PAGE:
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A Foreign Ministry statement said the “Brazilian government condemns the summary removal of the Paraguayan president … during which the right to a full defense was not assured.”

It said that the process “compromises a fundamental pillar of democracy, an essential condition for regional integration” and that President Dilma Rousseff was evaluating what actions to take with its Mercosur and Unasur partners. It added that Brazil would do nothing to “harm the people of Paraguay,” suggesting that it may not intend to cut off economic partnerships with its much poorer neighbor.

Argentine President Cristina Kirchner also announced the withdrawal of her ambassador to Paraguay, citing “grave institutional events” and saying the embassy’s No. 2 will remain in charge “until democratic order is re-established in that country.”

Cuba said Saturday it wouldn’t recognize the new government.

Criticism came not just from the left, but from conservative governments, too.

Chile said Mr. Lugo’s removal “did not comply with the minimum standards of due process,” and Colombian President Juan Manuel Santos said “legal procedures shouldn’t be used to abuse. … What we want is to help stability and democracy be maintained in Paraguay.”

Given the tough talk, Mr. Franco could find mending fences to be a tall order.

“It looks terrible throughout the region,” said analyst Adam Isacson of the Washington Office on Latin America, a think tank. “(Lugo’s ouster) doesn’t look like a deliberative process, and what it looks like is that a president can be removed simply for being unpopular, or making unpopular decisions.”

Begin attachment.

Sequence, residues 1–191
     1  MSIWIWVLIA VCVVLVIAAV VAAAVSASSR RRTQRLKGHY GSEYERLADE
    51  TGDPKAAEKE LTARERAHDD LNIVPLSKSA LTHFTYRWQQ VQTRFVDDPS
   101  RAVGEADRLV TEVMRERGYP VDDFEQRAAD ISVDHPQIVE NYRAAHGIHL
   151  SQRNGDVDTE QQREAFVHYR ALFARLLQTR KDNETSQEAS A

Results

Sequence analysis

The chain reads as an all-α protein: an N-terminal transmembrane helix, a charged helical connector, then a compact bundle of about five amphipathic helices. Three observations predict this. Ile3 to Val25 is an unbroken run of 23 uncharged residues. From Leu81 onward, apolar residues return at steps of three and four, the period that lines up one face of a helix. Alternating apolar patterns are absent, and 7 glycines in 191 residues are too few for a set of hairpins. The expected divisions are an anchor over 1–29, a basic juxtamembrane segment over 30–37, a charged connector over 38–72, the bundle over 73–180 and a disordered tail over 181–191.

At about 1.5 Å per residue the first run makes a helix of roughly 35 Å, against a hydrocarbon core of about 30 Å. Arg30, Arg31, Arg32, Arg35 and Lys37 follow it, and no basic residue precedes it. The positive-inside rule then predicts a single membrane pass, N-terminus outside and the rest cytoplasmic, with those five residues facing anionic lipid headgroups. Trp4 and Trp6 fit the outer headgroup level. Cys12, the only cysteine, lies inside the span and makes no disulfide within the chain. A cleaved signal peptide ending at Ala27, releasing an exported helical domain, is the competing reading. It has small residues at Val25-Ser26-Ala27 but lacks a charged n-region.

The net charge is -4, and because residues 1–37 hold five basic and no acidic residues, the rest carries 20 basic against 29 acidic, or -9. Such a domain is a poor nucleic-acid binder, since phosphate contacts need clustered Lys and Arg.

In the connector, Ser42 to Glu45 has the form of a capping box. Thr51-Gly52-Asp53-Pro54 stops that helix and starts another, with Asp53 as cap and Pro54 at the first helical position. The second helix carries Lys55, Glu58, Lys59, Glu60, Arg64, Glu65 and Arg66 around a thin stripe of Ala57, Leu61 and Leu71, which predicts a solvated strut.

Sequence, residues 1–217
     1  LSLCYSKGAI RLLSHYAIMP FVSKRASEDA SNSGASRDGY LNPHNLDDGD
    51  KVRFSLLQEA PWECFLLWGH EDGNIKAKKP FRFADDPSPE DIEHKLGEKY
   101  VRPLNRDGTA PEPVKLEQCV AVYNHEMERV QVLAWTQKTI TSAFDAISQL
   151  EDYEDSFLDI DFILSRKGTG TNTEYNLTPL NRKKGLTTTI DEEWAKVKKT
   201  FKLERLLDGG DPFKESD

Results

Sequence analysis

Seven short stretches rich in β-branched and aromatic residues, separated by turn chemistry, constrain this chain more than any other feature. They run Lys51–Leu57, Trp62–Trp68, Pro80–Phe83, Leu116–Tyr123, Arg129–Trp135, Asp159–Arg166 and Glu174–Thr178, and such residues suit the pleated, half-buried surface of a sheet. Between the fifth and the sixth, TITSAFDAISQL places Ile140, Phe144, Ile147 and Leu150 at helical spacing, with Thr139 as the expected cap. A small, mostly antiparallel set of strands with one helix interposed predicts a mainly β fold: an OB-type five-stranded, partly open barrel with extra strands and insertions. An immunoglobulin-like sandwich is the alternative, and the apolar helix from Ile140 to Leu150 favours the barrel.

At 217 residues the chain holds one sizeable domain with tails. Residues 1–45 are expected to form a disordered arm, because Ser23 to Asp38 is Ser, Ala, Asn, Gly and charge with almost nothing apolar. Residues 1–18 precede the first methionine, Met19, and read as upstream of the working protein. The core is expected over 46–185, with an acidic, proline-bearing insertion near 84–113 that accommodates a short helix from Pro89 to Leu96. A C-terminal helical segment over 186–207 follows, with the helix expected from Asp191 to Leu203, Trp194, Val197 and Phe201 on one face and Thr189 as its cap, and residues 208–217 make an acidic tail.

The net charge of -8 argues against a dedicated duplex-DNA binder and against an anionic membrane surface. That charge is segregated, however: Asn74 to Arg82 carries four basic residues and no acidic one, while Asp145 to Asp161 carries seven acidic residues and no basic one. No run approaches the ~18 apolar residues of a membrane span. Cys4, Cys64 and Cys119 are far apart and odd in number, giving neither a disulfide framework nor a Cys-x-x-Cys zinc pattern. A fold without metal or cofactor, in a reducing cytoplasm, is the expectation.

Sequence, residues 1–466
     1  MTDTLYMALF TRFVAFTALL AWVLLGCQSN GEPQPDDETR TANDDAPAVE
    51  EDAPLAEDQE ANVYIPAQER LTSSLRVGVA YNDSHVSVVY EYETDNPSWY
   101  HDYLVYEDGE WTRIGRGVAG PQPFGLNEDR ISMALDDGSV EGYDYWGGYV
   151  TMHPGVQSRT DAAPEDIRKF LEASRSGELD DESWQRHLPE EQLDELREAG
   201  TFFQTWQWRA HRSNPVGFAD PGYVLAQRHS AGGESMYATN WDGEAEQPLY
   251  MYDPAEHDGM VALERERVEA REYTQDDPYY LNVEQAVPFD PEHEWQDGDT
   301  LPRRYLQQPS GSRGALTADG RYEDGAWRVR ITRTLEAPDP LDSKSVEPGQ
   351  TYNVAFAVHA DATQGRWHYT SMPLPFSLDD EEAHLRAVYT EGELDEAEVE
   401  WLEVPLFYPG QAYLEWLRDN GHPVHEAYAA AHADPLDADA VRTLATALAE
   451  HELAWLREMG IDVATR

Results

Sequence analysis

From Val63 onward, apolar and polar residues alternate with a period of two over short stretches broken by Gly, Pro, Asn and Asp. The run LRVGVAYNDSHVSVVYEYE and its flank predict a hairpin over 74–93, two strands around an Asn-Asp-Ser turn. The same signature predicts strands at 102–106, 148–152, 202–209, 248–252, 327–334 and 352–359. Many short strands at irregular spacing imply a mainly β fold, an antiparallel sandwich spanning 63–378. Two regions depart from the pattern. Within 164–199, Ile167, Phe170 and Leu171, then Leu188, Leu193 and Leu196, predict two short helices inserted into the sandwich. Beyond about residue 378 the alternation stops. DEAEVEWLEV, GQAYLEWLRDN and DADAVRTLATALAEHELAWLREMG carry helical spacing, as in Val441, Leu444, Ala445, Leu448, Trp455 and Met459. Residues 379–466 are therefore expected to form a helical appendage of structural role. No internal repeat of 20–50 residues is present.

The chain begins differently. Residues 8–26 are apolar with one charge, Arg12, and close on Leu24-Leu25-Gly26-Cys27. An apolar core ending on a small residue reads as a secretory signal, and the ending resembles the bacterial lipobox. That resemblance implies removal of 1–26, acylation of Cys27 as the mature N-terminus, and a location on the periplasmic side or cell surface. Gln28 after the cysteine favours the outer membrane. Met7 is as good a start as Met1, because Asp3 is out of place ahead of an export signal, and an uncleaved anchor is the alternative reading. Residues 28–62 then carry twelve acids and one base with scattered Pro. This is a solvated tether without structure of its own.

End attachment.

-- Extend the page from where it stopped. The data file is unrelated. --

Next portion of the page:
“The new government is going to be pretty isolated for the whole time that it’s in power,” Mr. Isacson said. “For Paraguay‘s neighbors and trade partners, I think there’s probably not great cost involved in isolating the country for a year or more, and then re-recognizing whatever government is elected next year.”

That would be a scenario similar to what played out in Honduras following the June 2009 ouster of Manuel Zelaya, which was also portrayed by those who took over as a legal, constitutional transition, even as it was denounced elsewhere.

Honduras’ interim president was isolated by many Latin American governments, and his elected successor, Porfirio Lobo, only won the good graces of some in 2011 after Venezuela’s Hugo Chavez brokered a reconciliation deal with Mr. Zelaya.

Mr. Lugo resigned as a Roman Catholic bishop to run for president in 2008 against the wishes of Pope Benedict XVI, who grudgingly accepted the resignation when it became clear Mr. Lugo would not be dissuaded.

On Saturday, the Vatican’s envoy to Paraguay stopped short of recognizing the new government but expressed satisfaction there has been little unrest other than some confrontations between Lugo supporters and police during the Senate trial.

German Ambassador Claude Robert Ellner visited the presidential palace and said his country “will continue as normal with all cooperation agreements with Paraguay. We see the process of change happening within the laws and the constitution, because no parliament makes a coup d’etat.”

The U.S. State Department urged “all Paraguayans to act peacefully, with calm and responsibility, in the spirit of Paraguay‘s democratic principles.”

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